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Books, Reviews, Writing

Strictly Shut-Ended: “Quiller Balalaika”

12.21.09 | 3 Comments

So last night I finished Quiller Balalaika, the 19th and final novel about British superspy Quiller by Elleston Trevor (under his pen name “Adam Hall”). It was written in 1995, and deals with the rise of organized crime is post-Soviet Russia. It’s an above average entry in the series, and seemed especially good after the disjointed Kobra Manifesto. I intentionally saved Balalaika until then end, and not just because it was the last in the series. I read it last because, as he wrote it, Trevor was dying from cancer.

If the reality of his daily life affected the story, I didn’t notice it much. Perhaps in Quiller’s gambit to bring home the big prize, in which he risks more than he ever has before, and even admits to it, or in his open spirituality, but even these are not out of character with the rest of the books. And this is no “last episode”; unlike “M*A*S*H” or “Cheers”, for example, this is just one more adventure in a string of them. Trevor had said what he wanted, and didn’t have anything to add.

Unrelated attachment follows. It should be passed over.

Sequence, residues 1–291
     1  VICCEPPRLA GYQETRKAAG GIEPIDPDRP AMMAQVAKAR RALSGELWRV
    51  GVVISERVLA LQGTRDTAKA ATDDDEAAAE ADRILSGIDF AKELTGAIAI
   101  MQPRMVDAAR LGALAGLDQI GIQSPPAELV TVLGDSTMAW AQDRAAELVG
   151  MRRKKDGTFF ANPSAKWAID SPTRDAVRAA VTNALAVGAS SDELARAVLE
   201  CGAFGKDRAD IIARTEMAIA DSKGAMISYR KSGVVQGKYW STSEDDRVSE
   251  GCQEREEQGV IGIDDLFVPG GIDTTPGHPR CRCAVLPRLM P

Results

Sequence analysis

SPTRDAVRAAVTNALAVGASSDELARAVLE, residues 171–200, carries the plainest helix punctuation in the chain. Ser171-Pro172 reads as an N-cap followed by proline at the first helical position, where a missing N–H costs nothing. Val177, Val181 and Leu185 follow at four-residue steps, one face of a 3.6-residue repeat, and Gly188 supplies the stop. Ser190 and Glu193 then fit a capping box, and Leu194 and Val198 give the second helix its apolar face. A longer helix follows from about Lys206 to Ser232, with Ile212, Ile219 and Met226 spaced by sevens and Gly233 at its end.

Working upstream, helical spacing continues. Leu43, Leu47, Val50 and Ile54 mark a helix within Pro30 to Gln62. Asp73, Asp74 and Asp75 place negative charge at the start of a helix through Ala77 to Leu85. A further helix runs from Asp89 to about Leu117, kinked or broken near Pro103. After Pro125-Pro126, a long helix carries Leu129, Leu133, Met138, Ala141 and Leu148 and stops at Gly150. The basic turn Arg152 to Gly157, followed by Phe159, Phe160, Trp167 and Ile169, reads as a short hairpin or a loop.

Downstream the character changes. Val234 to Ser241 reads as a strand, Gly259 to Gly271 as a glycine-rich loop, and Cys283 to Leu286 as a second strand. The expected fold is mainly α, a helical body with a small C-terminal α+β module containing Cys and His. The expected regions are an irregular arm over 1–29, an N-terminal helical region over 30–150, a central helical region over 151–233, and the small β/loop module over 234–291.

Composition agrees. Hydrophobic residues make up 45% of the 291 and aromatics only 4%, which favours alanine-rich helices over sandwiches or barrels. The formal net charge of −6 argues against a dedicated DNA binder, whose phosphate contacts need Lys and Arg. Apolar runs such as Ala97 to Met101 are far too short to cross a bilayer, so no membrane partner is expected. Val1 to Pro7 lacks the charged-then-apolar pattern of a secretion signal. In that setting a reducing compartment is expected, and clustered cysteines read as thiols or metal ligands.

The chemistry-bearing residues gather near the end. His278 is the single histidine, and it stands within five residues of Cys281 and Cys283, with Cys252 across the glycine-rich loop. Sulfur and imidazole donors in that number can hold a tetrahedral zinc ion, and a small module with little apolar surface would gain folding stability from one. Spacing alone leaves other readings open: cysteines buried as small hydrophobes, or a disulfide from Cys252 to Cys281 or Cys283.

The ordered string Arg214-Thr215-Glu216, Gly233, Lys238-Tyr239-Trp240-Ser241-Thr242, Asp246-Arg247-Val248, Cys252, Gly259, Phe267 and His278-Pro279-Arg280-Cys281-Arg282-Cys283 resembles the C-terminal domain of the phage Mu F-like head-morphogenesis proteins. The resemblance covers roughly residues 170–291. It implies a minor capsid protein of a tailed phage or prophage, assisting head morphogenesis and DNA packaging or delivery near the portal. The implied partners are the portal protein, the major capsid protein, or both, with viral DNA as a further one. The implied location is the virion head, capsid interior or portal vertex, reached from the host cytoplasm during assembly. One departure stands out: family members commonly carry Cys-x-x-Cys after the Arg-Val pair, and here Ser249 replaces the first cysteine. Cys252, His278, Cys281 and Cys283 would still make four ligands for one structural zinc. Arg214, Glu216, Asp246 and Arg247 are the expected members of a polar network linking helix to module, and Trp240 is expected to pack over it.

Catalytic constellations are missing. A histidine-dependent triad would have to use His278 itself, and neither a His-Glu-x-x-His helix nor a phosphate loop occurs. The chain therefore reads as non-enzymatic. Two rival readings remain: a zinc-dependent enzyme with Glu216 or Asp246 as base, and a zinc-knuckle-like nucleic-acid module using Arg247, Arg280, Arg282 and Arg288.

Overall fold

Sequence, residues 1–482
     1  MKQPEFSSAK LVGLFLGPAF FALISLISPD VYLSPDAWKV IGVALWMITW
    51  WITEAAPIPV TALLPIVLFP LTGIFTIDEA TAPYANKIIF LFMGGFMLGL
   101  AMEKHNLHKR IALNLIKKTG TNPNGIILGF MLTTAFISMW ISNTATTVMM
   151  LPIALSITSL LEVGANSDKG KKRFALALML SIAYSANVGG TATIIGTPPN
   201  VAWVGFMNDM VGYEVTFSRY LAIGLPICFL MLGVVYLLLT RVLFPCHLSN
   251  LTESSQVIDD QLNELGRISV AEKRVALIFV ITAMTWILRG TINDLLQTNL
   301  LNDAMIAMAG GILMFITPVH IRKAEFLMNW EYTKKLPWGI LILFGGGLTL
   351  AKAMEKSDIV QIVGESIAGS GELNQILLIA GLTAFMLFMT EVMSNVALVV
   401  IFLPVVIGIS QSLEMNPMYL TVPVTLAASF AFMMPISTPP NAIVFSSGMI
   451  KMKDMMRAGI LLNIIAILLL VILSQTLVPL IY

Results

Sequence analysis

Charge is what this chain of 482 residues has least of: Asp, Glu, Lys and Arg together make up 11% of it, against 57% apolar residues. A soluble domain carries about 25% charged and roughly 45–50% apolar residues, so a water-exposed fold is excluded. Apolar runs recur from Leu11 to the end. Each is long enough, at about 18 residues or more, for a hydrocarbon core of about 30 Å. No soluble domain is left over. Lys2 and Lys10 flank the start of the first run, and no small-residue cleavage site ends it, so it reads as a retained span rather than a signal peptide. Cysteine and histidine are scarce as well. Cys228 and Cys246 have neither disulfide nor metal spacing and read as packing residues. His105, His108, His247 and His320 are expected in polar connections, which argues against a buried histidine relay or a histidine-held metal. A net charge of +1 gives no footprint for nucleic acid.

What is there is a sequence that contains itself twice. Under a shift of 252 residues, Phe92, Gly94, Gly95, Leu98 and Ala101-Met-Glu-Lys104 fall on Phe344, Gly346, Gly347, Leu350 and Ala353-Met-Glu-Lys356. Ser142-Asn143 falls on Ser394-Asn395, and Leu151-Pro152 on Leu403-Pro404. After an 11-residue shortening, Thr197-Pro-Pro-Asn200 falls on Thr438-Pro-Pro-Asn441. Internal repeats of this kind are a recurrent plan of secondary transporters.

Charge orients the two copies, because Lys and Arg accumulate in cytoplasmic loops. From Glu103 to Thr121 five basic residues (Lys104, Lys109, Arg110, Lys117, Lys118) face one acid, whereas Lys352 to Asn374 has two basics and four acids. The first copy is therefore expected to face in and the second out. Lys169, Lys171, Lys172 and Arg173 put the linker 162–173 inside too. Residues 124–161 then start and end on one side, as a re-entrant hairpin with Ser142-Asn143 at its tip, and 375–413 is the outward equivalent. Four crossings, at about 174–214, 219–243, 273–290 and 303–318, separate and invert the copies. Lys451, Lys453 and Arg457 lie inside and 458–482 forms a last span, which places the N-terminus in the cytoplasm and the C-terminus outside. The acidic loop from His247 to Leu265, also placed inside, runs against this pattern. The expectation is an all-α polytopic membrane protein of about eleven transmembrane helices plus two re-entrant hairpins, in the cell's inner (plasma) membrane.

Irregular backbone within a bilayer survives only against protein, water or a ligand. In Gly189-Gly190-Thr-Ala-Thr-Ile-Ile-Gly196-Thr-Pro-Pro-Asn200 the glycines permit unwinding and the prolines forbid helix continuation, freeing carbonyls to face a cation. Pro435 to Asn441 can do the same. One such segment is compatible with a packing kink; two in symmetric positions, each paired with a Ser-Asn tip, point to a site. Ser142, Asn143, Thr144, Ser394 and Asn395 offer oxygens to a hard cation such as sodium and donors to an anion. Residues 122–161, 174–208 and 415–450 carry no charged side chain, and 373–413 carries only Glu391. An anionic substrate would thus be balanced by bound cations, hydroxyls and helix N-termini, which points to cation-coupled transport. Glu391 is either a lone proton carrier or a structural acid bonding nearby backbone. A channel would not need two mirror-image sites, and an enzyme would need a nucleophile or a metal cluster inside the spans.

More remarkable is the fact that this book includes afterwords by Trevor’s wife and his adult son, in which they describe the last months and even days of his life. The writer loved life, wanted more, and keenly felt the loss of things he would never do. One thing he was damned sure he would do: finish his final work, dictating the last few pages as he was too weak to type.

Then the book was done, and so was he.

I wish I had met him. He was attending conventions as late as 1995, when he was already quite ill, and if I had been involved at all in mystery fandom then, we might have met. He sounds like such an interesting man, a proper gentleman, but engaging rather than reserved.

I wonder if we can see reflections of him in Quiller, his greatest creation. Quiller’s passion, his compassion, his discipline and neuroticism. Quiller could be fatalistic, could see that there may be no way out, could know that one day there would be no way out, and yet he always tried to pull one last rabbit out of the hat…

When I finish up a series like this and know that I’ll never read another Quiller book, I always feel a sense of loss. I always want more. But in this case it’s not just the books I’ll miss. I could have met him if I’d only known, and now, it’s too late.

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